The Olympic Games regularly add new events, but officials aren’t quite ready to embrace eSports.
This weekend, the International Olympic Committee met for the 7th Olympic Summit, where competitive video gaming was among the topics of discussion. The verdict? It’s still “premature” to discuss including them in the Olympic games.
That’s bound to be disappointing to supporters, who had hoped for a breakthrough in the 2024 Paris games. Tony Estanguet, co-president of the Paris Olympic committee, is a proponent of bringing video games to the Olympics.
Despite initial opposition to eSports, Olympic organizers didn’t entirely shut the door on the idea.
The IOC “agreed that the Olympic Movement should continue to engage with [the eSports] community.” It also said some titles were “not compatible” with the Olympic values, presumably referring to action and shooter games. Explaining, the IOC drew a contrast between how the eSports “industry is commercially driven” as opposed to the “values-based” aim of other sports, a claim that many might find fault with.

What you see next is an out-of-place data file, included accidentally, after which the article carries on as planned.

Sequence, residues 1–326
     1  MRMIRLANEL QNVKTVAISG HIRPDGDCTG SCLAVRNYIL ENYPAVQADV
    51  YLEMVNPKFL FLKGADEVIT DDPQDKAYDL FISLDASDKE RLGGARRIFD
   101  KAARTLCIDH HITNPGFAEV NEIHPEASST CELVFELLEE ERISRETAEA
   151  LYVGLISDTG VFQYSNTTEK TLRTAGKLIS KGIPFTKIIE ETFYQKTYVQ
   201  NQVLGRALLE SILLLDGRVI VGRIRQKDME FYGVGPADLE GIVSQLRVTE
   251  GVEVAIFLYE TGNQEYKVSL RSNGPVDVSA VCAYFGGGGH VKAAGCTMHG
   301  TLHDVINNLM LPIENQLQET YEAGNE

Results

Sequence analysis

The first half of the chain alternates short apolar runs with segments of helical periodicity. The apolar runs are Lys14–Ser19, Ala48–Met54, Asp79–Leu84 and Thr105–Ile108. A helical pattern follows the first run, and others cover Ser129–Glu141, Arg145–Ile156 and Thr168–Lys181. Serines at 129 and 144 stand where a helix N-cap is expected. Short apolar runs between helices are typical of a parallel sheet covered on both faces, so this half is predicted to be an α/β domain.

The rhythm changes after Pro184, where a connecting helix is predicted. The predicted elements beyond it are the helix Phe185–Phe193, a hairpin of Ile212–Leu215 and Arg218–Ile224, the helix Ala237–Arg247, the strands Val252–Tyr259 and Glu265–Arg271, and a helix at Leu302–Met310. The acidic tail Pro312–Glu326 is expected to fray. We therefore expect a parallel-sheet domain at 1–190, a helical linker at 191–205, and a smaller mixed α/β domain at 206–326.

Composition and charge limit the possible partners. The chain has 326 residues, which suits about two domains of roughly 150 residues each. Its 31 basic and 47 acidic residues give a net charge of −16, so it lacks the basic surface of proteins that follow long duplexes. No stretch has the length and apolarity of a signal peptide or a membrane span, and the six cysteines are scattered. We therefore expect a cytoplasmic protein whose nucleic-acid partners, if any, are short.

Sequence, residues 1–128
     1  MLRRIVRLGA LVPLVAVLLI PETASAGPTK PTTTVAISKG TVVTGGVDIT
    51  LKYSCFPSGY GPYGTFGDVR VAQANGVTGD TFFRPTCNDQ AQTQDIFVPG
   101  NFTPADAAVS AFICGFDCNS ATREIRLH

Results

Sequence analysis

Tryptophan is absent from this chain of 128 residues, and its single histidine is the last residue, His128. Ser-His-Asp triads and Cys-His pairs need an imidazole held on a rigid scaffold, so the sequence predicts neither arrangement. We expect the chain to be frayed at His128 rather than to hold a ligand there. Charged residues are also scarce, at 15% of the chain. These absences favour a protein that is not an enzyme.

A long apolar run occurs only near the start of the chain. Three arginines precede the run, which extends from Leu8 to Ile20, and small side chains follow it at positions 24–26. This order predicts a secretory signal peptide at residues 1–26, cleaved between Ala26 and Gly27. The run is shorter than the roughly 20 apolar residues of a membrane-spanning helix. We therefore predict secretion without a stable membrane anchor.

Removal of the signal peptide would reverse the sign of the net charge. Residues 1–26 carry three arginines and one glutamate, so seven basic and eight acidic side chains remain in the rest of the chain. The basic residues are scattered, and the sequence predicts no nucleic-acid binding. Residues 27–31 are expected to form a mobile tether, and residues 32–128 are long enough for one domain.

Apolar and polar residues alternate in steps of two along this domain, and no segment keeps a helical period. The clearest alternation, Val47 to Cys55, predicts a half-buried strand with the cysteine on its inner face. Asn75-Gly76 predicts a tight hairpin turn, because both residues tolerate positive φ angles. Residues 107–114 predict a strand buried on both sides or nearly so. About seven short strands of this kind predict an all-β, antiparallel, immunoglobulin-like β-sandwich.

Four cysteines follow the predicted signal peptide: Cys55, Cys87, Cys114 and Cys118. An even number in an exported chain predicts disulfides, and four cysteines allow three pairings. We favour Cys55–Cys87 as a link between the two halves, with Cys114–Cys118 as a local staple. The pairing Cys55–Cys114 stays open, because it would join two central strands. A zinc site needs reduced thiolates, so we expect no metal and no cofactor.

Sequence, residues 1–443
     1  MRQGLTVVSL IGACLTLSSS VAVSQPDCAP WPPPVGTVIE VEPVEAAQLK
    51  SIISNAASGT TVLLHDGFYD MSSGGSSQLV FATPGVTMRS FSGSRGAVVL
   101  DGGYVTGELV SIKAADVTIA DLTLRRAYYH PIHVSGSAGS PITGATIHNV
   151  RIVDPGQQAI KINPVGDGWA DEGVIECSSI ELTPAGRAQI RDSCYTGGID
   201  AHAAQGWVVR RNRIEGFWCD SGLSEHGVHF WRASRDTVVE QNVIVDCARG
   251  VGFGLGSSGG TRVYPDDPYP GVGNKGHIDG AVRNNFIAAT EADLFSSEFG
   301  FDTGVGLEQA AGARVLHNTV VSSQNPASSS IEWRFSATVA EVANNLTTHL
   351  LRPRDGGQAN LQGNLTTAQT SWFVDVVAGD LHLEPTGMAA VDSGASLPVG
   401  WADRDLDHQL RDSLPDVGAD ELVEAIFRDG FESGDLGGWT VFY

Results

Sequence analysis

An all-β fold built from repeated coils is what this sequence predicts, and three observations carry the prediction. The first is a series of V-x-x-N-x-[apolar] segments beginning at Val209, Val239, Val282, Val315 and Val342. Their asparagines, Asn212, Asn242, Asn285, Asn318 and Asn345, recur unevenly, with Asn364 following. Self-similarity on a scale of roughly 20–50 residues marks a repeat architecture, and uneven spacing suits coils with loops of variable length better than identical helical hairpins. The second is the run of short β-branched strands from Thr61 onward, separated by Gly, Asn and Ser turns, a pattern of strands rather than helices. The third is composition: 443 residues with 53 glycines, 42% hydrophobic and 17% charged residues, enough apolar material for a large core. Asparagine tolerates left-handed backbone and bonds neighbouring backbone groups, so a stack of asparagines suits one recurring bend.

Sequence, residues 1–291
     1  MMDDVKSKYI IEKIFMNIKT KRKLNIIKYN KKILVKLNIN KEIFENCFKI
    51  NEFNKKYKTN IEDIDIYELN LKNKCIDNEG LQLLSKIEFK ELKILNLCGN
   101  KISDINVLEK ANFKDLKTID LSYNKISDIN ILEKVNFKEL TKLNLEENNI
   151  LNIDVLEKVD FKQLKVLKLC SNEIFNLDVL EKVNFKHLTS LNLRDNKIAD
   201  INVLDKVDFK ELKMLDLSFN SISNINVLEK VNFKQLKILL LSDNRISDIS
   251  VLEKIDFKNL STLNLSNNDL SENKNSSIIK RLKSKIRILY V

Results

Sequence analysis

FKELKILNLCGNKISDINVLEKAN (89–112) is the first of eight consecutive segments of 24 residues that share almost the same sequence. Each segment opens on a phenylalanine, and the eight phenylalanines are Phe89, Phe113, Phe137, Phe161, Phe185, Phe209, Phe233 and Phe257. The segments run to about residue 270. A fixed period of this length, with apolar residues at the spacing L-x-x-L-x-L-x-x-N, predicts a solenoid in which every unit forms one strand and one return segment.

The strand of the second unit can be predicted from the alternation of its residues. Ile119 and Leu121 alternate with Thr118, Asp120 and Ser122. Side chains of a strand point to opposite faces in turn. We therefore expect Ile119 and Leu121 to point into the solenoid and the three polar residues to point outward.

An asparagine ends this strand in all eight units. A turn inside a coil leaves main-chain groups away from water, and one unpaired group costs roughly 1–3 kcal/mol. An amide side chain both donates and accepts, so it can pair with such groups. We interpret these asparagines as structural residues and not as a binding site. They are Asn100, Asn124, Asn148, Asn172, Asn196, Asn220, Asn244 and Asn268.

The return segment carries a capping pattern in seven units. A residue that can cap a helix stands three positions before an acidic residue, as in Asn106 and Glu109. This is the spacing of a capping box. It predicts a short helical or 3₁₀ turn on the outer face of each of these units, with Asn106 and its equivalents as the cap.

Still, the IOC did say it planned to invite stakeholders in the eSports industry to a liaison group, where they would “explore jointly collaborative projects”.
eSports might seem a strange fit in the Olympics, but many of the Olympics most popular events were similarly greeted with skepticism. Snowboarding wasn’t added until 1998. And as the X Games grew in popularity, the Olympics added Big Air aerials and slopestyle skiing.
Five new sports will debut in 2020, some of which, like skateboarding, are designed to appeal to younger demographics. That audience will likely be what ultimately convinces the IOC to add eSports to the games at some point. Viewership for events, both online and on TV, has regularly outpaced that of major traditional sports tournaments.
The IOC also has some time to change its mind. No final decisions about the competition in the Paris Olympics will be made until 2020, after Tokyo’s time with the Games is done.